Guess I'll leave it at that. People are free to do what they want, but since the OEM shocks are relatively inexpensive I'm not sure there is a good reason to experiment with other options, other than possibly a lift kit which makes the OEM too short for full travel of the axles.
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Old 10-06-2022, 07:09 AM   #13
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If those Monroe shocks are the same as the ones i used on my trailer, they are also sold as a steering stabilizer, which is basically a horizontal shock.

Horizontal shocks are used in many applications besides airstreams so it shouldn’t be such an issue to find a working solution.
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Old 10-06-2022, 07:10 AM   #14
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Quote:
Originally Posted by richard5933 View Post
Whether or not shocks are necessary seems to be an eternal debate - not wanting to get into that at all.

I've read through numerous threads about OEM vs. aftermarket shocks for Airstreams with the torsion axle, and the overall consensus is that the OEM shock is different than the aftermarket ones like you're using. This was the opinion of commercial members (Airstream parts retailers) as well as those among the amateur ranks.

Guess I'll leave it at that. People are free to do what they want, but since the OEM shocks are relatively inexpensive I'm not sure there is a good reason to experiment with other options, other than possibly a lift kit which makes the OEM too short for full travel of the axles.
Sometimes cutting the groove larger and moving the axle away from the shock mount is enough to require the longer shock. If it works in that case it works in them all. Monroe simply copied Gabriel’s design. Anyway, torsion axles don’t need shocks anyway. It’s a marketing thing.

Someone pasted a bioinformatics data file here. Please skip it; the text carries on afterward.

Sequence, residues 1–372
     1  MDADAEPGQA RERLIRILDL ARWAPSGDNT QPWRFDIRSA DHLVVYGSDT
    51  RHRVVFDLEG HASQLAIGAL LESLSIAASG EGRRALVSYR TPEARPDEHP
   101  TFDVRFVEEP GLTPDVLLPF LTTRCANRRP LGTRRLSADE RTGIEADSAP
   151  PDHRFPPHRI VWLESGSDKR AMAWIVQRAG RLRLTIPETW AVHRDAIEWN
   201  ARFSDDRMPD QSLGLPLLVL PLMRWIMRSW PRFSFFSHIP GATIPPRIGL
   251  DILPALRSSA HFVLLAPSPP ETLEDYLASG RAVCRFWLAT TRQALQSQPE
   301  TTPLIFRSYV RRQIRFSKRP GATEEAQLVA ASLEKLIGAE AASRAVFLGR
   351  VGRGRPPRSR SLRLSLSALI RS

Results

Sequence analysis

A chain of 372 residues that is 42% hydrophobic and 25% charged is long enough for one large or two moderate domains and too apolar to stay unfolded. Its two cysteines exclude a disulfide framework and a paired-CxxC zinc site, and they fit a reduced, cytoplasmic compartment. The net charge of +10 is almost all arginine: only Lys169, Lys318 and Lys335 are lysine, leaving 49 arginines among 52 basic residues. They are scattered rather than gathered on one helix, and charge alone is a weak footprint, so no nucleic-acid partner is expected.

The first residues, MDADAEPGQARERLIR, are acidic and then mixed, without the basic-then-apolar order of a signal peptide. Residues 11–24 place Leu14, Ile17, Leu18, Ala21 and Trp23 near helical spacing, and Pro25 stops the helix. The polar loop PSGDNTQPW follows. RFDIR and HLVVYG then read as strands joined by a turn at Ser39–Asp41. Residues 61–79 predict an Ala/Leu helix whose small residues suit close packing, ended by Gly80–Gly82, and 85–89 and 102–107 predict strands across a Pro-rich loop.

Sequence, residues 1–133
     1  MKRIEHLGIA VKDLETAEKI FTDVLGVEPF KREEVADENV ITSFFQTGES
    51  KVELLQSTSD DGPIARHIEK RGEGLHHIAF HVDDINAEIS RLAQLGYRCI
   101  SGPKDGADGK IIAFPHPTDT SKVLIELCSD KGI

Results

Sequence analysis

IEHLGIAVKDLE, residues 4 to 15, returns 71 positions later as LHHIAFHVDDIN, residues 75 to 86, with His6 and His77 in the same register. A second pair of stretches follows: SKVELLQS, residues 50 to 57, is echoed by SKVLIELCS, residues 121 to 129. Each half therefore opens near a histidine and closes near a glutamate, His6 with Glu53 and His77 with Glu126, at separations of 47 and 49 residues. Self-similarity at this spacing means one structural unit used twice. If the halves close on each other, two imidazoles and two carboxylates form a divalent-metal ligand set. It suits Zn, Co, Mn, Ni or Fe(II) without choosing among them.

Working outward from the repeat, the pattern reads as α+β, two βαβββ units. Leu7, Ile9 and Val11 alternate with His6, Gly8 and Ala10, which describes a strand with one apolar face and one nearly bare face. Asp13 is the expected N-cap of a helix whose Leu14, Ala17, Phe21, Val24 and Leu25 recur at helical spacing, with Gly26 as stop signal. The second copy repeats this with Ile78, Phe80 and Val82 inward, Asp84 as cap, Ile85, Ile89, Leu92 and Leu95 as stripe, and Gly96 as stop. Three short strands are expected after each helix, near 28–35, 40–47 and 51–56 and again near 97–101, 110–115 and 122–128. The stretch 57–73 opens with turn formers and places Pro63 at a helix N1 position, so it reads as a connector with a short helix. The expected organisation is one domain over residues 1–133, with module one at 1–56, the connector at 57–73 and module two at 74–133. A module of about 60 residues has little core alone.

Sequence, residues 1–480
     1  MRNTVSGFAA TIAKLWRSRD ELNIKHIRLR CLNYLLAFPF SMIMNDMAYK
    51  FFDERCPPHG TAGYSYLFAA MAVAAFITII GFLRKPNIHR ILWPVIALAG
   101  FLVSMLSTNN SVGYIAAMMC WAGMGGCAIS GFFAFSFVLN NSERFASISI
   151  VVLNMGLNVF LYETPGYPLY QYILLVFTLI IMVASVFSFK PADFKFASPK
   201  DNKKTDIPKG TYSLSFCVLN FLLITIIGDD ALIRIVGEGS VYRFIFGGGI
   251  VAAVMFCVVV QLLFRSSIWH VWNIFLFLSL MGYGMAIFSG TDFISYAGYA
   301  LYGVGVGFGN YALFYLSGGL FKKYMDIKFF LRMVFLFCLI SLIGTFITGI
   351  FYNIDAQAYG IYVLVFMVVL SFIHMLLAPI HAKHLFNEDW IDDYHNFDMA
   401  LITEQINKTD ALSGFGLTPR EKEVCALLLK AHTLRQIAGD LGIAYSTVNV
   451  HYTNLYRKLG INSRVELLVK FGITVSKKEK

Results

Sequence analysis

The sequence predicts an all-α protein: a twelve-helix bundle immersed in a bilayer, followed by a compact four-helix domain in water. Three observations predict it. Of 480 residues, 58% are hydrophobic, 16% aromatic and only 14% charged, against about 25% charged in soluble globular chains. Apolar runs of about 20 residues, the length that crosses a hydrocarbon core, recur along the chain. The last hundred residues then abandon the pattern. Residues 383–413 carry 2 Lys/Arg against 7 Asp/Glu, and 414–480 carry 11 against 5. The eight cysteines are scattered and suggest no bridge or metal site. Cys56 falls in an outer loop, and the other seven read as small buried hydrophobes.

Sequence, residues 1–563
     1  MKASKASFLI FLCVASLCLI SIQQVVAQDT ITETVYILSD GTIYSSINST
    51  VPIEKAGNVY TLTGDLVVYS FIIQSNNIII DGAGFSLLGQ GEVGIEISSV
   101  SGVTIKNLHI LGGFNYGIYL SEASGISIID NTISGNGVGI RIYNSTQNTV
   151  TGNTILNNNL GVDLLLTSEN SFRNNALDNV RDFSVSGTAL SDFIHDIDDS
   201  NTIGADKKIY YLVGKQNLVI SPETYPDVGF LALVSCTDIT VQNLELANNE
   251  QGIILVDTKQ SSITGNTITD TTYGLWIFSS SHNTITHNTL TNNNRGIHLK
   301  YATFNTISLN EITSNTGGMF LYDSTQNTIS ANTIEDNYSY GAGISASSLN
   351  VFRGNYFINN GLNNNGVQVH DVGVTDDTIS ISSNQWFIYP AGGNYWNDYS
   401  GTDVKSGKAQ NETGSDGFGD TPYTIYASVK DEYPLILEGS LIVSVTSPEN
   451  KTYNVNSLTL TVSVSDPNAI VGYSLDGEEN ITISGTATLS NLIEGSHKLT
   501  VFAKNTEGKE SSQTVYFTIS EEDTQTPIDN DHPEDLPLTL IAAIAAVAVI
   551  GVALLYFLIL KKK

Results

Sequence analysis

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Old 10-06-2022, 07:14 AM   #15
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If those Monroe shocks are the same as the ones i used on my trailer, they are also sold as a steering stabilizer, which is basically a horizontal shock.

Horizontal shocks are used in many applications besides airstreams so it shouldn’t be such an issue to find a working solution.
These are sold as RV shocks with special valving and a gas charge to operate in most any position as long as the bell end is slightly up to drain water. I’m not sure why y’all are so suspicious? Torsion axles are self dampening anyway.
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Old 10-06-2022, 10:50 AM   #16
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Are either of these intended for use in the near-horizontal mounting position on the Airstream axle?
The 1963 Bambi has a vertical shock anyway.
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Old 10-06-2022, 11:33 AM   #17
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The 1963 Bambi has a vertical shock anyway.
Didn't Airstream switch to torsion axles in 1961? I thought the vertical shock was used with the leaf spring axles.
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Old 10-06-2022, 01:56 PM   #18
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Didn't Airstream switch to torsion axles in 1961? I thought the vertical shock was used with the leaf spring axles.
No, 1961 to 68 were torsion with vertical shocks and 69 up had horizontal. Leaf springs definitely need shocks. Torsion probably not on the lighter models. In 2020 Airstream stopped installing them on the smaller trailers.
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Old 10-06-2022, 03:05 PM   #19
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No, 1961 to 68 were torsion with vertical shocks and 69 up had horizontal. Leaf springs definitely need shocks. Torsion probably not on the lighter models. In 2020 Airstream stopped installing them on the smaller trailers.
Ok. Learned something new today. How did they fit vertical shocks? Higher wheel well?
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Old 10-06-2022, 04:33 PM   #20
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Ok. Learned something new today. How did they fit vertical shocks? Higher wheel well?
Yes, A strap of steel is welded to the frame sticking straight up with a shock post. They went horizontal to lower the wheel well in the major revision year of 1969. When I replace an axle with a vertical shock I cut the strap off the frame and grind it clean and then go without or if the customer reads Air Forums I install horizontally with a bolt in Aluminum coil over mount that is really sweet. Some hacks weld the strap in the horizontal position but it looks like a hack.